Nielsen released a measurement solution on Friday that combines the demographic data from its TV audience panel, the People Meter, with Gracenote’s ACR data based on four million US households with LG smart TVs.
The data service, which opens to all buyers and broadcasters beginning in January, will mark the first time Nielsen has merged its national linear TV panel data with Gracenote’s smart TV data.
Amobee will be the first DSP to bring the offering to market, though Nielsen plans to add more ad tech partners later in the year, said Kelly Abcarian, general manager of Nielsen’s video advanced advertising group.
One of the big challenges for TV networks right now is that linear television reach is going down, but the number of people consuming broadcaster content is not, said Dan Callahan, Fox’s VP of audience and automated sales. Fox is a beta partner for Nielsen’s new data service.
Instead, people are watching on their phones, computers, OTT sticks and alternatives like video on-demand. But many of those viewers don’t register on Nielsen’s national TV panel, the currency of broadcast advertising.
OTT and CTV viewers also can’t be credited on age or gender demographics like with TV campaigns, where advertisers pay based on the number of, say, young women in a market Nielsen says viewed the commercial.
With linear and smart TV data attributed together, Callahan said Fox could back up its intuition that broadcast content and influence hasn’t diminished so much as spread to channels not credited by the Nielsen TV currency.
Gracenote’s four million US households wouldn’t be a huge audience-targeting set by the standards of OTT apps like Pluto TV or Tubi, but since the data is being used for modeling based on census counts, like Nielsen’s national TV panel, it creates meaningful scale.
Advertisers are also better equipped to adopt the cross-channel audience measurements now, too, which should help adoption, said Brad Feinberg, VP of media and consumer engagement at MillerCoors, another launch partner for Nielsen’s converged video measurement.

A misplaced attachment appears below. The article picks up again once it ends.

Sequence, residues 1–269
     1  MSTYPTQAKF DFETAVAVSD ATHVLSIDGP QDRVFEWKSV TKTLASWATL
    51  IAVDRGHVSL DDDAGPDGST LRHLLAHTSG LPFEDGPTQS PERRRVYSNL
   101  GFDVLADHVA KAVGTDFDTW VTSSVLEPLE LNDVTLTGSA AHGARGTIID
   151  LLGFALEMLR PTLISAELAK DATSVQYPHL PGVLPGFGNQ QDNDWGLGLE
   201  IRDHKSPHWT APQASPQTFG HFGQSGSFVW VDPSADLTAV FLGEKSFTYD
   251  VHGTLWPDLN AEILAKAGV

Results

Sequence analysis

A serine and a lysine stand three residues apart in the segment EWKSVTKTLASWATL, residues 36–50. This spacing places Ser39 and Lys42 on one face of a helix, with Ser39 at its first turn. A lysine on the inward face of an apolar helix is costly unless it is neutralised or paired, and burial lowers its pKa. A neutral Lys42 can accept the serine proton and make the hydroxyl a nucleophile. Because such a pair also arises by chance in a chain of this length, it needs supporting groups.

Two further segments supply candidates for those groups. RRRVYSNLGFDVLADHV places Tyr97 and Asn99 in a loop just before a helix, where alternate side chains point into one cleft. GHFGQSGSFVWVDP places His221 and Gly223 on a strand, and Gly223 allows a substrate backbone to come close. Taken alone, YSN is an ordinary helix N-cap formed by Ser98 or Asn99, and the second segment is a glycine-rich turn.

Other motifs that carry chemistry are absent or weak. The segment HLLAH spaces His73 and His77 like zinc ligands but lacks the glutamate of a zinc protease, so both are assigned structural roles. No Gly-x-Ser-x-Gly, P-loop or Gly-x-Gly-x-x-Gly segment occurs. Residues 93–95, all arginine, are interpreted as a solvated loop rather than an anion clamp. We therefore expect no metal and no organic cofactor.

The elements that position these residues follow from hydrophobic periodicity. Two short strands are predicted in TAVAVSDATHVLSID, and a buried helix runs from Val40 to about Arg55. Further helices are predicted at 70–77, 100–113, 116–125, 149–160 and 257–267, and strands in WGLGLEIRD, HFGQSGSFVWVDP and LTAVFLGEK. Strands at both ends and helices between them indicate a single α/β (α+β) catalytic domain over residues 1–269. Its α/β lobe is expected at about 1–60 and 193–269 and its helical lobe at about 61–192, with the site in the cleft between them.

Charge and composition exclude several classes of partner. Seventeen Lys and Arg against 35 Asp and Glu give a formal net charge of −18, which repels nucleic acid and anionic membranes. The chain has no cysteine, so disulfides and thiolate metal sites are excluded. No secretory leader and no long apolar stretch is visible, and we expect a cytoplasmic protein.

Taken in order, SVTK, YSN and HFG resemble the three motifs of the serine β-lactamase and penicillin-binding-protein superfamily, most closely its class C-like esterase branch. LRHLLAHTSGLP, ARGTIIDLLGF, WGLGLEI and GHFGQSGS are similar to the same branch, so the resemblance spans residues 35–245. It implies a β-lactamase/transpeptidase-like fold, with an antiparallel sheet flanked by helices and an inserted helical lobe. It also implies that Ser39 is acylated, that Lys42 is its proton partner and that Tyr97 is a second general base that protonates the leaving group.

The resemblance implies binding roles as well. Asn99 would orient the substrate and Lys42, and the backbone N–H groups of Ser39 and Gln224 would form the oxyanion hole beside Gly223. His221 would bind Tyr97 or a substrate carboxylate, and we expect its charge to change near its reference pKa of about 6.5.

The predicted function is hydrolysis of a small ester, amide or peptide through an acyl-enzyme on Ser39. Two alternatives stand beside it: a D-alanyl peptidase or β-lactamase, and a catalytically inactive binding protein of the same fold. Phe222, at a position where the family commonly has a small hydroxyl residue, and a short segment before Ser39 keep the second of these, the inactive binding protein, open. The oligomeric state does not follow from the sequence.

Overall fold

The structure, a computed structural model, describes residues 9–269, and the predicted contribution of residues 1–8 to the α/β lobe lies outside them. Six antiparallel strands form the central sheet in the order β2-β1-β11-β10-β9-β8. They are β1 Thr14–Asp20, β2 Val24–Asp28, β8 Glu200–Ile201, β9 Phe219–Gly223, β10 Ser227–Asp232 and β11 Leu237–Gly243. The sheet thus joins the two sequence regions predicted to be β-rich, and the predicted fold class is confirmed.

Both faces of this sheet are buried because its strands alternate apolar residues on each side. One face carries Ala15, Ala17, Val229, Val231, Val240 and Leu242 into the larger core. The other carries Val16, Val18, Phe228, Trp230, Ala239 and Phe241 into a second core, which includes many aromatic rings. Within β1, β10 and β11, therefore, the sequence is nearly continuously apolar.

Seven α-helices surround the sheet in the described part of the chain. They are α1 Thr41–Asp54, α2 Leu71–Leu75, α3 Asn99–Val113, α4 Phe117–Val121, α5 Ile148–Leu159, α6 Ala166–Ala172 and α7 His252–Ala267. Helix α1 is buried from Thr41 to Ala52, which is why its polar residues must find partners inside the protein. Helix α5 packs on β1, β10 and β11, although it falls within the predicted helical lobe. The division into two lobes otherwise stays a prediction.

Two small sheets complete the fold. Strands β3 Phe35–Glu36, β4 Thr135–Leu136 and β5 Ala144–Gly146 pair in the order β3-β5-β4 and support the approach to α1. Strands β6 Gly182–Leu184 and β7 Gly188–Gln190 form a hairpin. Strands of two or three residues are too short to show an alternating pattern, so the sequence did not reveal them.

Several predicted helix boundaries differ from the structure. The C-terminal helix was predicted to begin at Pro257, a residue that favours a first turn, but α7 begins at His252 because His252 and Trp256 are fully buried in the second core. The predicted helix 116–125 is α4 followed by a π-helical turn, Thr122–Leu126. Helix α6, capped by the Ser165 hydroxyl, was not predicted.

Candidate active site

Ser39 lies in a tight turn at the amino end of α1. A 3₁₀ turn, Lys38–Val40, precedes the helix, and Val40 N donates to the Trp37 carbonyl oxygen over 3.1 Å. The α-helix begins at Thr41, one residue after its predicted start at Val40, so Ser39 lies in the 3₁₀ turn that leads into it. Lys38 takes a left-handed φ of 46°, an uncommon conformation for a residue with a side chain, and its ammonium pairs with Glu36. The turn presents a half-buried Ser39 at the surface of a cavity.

People talk about media convergence from the supply side, Feinberg said, since it’s publishers and broadcasters who are distributing content across channels. But equally important is the convergence that must happen within brands and agencies for cross-channel measurement to work.
Brands like MillerCoors used to segment marketers into mediums like TV, out-of-home and digital, or even more siloed channels like search, email and social. Now MillerCoors has a “precision marketing” team that sits across addressable media, and planning and buying teams split by brand but not by channel.
The result, he said, is that video campaigns are planned and attributed holistically, instead of the historical system with infighting between digital, social and TV channels for budgets and ROI.
Big TV advertisers are also more comfortable spending a higher percent of overall marketing on tech and data.
MillerCoors is spending “more than we realized we ever would” on data compared to even a few years ago, Feinberg said. He said marketers are getting over the old-school dichotomy between “working media” and “non-working costs”.
“Ultimately, it’s all working costs,” he said. “They’re just working to do different things.”